Because it's a tricky philosophical question, right? Every time we've thought about, we should totally have that cuz our test suite is running too long, right, ultimate we always decided, no, we don't want to do that, right? Because at what level of confidence do you trust a tool that is trying to guess what files changed and then what routes changed?

I know that it just has that for your unit test, and I don't even trust it for that. I trust it for a pre-push hook, but I don't trust it for our build process, right? Because the cost benefit isn't really great at any kind of scale. Do you know what I mean?

The cost of it not being correct for the benefit of the saved time. Pre-push hook, yeah, checks the stuff I changed. But while I'm waiting for a code review anyway, I definitely, again, something, something Selenium, have seen situations where the integration test suite is so long running that it's unbearable and it's slows down the team.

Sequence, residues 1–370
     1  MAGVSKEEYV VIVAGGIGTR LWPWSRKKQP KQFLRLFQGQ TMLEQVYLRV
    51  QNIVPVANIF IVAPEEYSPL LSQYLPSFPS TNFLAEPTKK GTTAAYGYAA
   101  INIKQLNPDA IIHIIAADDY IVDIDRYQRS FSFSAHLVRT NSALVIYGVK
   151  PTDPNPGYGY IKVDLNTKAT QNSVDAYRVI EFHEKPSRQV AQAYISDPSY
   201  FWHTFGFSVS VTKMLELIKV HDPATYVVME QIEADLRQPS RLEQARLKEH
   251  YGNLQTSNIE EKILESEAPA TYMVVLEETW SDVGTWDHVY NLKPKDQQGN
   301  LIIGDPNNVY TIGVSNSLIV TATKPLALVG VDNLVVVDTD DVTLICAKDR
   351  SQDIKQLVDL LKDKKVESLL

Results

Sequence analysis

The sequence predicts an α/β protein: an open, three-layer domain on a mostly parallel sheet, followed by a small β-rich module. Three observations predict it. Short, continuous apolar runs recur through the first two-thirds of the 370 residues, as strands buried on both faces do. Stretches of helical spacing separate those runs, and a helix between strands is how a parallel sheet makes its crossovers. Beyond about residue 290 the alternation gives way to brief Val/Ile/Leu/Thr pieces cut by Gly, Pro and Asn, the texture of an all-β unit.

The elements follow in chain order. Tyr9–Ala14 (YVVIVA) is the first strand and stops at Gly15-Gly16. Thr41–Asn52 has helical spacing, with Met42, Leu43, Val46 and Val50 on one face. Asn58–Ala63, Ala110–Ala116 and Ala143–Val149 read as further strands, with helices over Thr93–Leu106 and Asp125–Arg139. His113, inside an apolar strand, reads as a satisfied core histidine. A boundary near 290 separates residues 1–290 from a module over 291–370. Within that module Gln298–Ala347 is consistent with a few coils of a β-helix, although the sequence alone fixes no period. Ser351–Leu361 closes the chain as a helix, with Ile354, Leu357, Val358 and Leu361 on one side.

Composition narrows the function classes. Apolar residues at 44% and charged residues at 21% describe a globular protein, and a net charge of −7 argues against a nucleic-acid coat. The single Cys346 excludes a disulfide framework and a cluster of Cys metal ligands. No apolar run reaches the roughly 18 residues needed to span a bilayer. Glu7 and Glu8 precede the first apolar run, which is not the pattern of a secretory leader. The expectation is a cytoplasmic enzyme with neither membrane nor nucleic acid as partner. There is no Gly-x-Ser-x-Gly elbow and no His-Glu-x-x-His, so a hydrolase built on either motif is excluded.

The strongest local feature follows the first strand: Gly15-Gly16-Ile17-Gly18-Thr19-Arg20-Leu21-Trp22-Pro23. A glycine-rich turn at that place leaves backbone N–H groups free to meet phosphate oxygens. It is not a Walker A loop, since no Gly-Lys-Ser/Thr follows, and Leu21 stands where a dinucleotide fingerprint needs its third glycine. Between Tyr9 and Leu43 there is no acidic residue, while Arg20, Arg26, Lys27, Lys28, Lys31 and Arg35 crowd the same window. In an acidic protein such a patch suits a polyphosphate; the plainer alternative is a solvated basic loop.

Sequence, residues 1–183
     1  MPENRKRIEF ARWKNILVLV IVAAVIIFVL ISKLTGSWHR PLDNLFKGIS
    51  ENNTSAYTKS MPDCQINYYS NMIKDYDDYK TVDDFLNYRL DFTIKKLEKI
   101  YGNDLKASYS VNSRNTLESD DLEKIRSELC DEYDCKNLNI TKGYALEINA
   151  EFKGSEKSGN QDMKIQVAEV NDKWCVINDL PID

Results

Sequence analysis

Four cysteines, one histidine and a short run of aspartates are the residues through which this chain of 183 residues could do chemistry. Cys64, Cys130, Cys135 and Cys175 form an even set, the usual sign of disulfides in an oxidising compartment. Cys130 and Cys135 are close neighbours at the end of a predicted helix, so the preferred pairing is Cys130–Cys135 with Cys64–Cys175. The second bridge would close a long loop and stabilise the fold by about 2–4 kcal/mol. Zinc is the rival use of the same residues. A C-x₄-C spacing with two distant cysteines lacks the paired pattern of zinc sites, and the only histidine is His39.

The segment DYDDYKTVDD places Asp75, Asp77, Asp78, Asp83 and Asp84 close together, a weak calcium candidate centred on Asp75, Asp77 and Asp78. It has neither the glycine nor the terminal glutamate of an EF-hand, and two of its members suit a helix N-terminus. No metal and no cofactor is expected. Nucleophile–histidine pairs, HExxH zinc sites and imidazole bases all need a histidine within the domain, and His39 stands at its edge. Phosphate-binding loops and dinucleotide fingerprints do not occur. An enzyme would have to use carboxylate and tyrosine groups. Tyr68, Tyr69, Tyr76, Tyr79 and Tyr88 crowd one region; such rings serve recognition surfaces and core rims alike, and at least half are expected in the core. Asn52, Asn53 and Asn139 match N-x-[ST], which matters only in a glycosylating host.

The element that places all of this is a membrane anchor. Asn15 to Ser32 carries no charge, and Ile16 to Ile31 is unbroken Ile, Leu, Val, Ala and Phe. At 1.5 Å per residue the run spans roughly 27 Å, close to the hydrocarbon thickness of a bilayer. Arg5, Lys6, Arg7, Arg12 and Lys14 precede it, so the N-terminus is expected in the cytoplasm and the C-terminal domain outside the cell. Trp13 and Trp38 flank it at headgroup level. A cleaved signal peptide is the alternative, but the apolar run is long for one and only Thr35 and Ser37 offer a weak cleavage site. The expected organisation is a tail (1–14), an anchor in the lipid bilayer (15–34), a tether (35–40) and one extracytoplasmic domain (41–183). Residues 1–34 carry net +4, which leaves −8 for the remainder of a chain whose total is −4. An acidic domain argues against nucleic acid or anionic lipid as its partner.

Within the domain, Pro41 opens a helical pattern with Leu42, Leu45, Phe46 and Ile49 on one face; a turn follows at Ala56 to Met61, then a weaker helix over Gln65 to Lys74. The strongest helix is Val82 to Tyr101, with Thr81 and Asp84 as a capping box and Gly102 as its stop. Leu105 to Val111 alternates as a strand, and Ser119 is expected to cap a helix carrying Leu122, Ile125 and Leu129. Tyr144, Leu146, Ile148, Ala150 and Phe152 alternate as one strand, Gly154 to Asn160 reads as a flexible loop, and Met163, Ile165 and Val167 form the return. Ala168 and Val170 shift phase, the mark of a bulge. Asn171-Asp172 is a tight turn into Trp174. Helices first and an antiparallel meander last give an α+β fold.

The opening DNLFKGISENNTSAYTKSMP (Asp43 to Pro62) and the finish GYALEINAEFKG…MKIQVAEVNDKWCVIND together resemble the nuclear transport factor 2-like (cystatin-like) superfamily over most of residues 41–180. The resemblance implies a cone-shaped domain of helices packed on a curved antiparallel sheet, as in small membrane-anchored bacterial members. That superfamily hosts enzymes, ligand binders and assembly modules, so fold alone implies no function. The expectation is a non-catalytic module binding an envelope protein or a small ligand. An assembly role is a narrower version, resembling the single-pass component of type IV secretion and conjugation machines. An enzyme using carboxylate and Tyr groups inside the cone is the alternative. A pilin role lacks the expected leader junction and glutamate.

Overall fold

But with I think a lot of the site processing in a lot of cases, I traditionally find that the turnaround time for code review is longer than it takes to run the pipeline, right? I think when that changes, then maybe it's time to think about that kind of stuff.

But I always ask myself that question, and then I never go through with it, because of those reasons of, am I comfortable with getting even slightly wrong? Yep?
>> On that note, especially as we're getting things like videos and things dumped back, do you have any experience or knowledge of team reviews?

It would be analogous to a code review, right? But we'd be actually reviewing the test. Testing results is part of the code improvement.
>> Yeah, that's interesting. I think it's a really great idea, right? I think about how it's always happened for me, which is when the complaining gets high, [LAUGH] right?

The builds are always failing. And then you have that meeting and then you have it, right? But I like the idea of it as a purposeful mechanism rather than the complaint cuz I don't know how about you. Somebody suggests, we should turn off the tests [LAUGH] all right?

And they have reactions. I've been there for that conversation. Someone goes, I think we need to turn off the test. And that's usually when those conversations happen. By that point, it's gotten like we're talking about the length of the test, the flakiness, cuz it's usually not the tests, right?